So I wasn’t sure that I wanted to write about shooting this location (especially since my last post was about finding local subjects) but I’ve shot a few waterfalls around the world, and plenty at home in the UK, so I thought I might offer some small, meagre insights into capturing their spectacle. Even if the insights aren’t useful to you it may stand alone as a fluff postcard piece. Niagara Falls, whose popularity is undoubtedly due in part to their easy accessibility, are not the most spectacular waterfalls I’ve ever seen. But I did spend a few hours here (on the Canadian side) looking for evermore interesting shots and, of course, in the changing light throughout the day.
After a week in Ireland, I have seen some incredible sights. This is a beautiful country, and the people are incredibly warm and welcoming. Although most days here have been rainy, I’ve tried to make the most of foggy landscapes and simply enjoy my time in such a unique place. However, the weather has made it difficult to take colorful sunrise and sunset photos, which is a bit unfortunate — it is no secret that golden hour is a wonderful time to take pictures. Still, there has been one incredible morning for photography so far. In just a few minutes, the sky turned from a dull sheet of gray into a magnificent show of color, and a rainbow appeared during the best light. In this article, I’ll cover the entire story and thought process behind my favorite photo from this beautiful sunrise.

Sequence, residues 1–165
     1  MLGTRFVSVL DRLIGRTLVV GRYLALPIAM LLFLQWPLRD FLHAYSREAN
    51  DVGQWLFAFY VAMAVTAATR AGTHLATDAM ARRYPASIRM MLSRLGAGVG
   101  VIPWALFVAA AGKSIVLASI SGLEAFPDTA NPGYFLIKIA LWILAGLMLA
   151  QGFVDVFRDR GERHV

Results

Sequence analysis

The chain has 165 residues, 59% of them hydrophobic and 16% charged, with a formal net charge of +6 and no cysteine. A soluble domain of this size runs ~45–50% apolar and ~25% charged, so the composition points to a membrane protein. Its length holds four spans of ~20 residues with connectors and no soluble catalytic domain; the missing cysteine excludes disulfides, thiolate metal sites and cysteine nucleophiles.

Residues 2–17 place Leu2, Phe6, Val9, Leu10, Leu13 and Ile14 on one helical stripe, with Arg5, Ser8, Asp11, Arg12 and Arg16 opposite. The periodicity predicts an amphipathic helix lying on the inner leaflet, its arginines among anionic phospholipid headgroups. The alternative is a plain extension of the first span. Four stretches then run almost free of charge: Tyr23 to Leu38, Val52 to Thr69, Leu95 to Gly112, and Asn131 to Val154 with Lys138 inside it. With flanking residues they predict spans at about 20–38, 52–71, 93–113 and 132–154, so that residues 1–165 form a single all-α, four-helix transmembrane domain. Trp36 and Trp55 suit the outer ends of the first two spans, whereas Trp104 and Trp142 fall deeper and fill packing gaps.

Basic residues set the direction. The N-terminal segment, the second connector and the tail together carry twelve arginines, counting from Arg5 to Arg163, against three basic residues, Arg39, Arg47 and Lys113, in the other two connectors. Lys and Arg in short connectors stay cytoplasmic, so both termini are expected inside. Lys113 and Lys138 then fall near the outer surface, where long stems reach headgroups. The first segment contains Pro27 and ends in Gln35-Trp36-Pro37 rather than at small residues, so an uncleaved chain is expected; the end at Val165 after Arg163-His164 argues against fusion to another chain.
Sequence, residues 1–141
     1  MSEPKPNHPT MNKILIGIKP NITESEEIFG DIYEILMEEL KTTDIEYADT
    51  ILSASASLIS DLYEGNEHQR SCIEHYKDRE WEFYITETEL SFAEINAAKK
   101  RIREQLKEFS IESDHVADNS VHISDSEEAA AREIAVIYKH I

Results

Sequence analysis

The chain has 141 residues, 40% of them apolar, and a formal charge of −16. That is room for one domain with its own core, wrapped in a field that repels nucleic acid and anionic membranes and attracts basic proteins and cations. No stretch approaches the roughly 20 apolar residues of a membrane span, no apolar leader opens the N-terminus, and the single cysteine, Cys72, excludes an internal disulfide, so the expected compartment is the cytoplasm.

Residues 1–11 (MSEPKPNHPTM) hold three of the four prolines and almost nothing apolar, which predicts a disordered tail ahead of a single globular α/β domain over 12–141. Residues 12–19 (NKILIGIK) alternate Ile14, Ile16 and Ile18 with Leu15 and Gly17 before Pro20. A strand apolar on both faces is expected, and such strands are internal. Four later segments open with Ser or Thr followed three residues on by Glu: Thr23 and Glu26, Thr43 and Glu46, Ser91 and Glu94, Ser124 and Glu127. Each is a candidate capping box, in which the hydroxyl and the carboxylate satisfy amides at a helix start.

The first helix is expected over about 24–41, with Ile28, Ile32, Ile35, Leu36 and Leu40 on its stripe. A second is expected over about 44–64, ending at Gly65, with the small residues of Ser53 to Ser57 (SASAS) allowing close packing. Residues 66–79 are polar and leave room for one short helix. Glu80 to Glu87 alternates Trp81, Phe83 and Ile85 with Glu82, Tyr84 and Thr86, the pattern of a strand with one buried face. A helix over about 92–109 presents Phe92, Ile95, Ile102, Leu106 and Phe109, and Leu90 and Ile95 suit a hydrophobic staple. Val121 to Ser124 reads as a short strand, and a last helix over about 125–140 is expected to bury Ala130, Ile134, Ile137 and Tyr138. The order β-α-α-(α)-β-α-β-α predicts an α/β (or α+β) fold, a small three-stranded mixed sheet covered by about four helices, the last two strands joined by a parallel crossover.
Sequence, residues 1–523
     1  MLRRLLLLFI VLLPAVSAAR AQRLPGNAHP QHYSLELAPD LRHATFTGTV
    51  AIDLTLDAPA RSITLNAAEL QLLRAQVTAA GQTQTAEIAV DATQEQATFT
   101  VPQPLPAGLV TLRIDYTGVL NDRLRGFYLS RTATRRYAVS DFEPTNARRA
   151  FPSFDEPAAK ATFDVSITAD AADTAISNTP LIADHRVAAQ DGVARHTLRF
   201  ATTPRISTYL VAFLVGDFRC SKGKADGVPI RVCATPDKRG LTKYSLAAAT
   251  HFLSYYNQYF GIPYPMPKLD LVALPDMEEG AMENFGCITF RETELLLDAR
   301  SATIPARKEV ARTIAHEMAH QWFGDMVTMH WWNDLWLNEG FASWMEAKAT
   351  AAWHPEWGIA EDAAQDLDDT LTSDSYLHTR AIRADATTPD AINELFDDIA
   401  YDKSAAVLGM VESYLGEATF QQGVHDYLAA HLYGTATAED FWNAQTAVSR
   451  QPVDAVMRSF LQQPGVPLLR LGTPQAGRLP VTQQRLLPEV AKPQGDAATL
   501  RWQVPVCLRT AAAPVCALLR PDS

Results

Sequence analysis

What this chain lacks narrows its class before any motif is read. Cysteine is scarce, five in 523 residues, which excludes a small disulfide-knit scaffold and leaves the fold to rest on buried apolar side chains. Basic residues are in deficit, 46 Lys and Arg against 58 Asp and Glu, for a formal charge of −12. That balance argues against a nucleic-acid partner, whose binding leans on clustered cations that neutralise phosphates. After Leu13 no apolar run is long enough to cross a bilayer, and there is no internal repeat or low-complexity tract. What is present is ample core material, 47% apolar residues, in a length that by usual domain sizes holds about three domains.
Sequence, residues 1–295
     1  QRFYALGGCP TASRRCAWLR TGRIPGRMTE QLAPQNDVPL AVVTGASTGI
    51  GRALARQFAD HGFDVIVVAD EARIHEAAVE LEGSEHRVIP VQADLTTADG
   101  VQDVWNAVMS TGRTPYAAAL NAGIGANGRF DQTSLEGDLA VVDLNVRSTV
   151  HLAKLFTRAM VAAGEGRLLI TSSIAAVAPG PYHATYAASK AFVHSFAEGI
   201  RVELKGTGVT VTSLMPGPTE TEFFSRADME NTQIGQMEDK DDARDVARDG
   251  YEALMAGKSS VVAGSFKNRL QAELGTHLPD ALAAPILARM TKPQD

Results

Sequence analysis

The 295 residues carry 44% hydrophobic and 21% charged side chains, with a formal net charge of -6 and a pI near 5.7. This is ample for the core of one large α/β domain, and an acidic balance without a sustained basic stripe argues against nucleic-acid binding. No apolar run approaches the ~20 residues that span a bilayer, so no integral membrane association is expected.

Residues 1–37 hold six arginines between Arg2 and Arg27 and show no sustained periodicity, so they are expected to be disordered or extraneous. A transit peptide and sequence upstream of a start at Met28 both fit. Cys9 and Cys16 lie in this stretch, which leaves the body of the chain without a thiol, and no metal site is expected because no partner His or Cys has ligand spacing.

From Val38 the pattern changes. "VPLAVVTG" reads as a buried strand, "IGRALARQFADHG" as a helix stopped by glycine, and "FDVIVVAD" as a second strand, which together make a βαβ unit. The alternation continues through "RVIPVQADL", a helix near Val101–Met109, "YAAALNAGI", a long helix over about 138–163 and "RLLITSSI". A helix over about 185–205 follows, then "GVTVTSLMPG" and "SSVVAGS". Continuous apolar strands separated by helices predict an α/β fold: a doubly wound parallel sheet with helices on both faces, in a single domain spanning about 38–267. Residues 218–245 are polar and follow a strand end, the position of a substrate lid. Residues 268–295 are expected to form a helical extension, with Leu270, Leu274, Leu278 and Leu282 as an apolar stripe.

For those of us living in the US or Europe it can be a daunting challenge to search for a nearby destination in which we may truly immerse ourselves in nature, specifically without enduring months of near bankruptcy directly afterwards. There are still plenty of hotspots left, especially in Northern Europe, but the signs of civilization can leave one feeling placed in an artificial bubble, albeit a beautiful one. Like it or not, this often is translated into the images we take.
A couple of weeks ago, I shared the first part of my exploration of the waterfalls of New England here on Photography Life and promised that there will be a part two. This write up fulfills the promise and continues the story further. My focus this time were the forests of Western Massachusetts, especially those around Route 2 West from Boston. This freeway is also known as the Mohawk Scenic Byway and is a very beautiful drive once you get little beyond the Greater Boston area.
It is the month of May and spring has finally taken over from winter in New England. With the woods turning green again, color has returned to the landscape. Most of the creeks and brooks that crisscross the region and give rise to hundreds of waterfalls are flowing reasonably well. Together this combination of silver and fluorescent (almost) green highlights the effervescence of spring and I, together with a friend, decided to explore this juxtaposition one weekend at a
Although I have only been here for two days and I am now on my way back to Jordan to join my family, I had no idea that Sri Lanka is such a beautiful country! We drove 800 kilometers, saw the craziest roads and drivers (those mean bus drivers!), met some wonderful people and ate the tastiest exotic fruits. What an experience – I already cannot wait to come back! Here is a photo of a waterfall that I captured along the way when driving towards Nuwara Eliya:
Most landscape photographers, myself included, love to photograph gigantic, thunderous, raging waterfalls, quiet little babbling brooks, and just about everything in between. Successfully photographing them is not always easy, though. Here are some tips that I am constantly reminding both myself and tour participants alike while in the field: